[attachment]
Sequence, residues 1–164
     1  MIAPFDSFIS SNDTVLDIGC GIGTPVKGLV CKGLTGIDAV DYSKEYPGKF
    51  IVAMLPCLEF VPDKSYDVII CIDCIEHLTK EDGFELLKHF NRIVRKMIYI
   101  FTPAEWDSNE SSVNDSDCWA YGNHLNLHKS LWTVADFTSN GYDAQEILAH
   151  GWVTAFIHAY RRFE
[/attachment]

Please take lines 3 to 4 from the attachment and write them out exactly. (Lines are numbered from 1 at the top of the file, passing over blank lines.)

    51  IVAMLPCLEF VPDKSYDVII CIDCIEHLTK EDGFELLKHF NRIVRKMIYI
   101  FTPAEWDSNE SSVNDSDCWA YGNHLNLHKS LWTVADFTSN GYDAQEILAH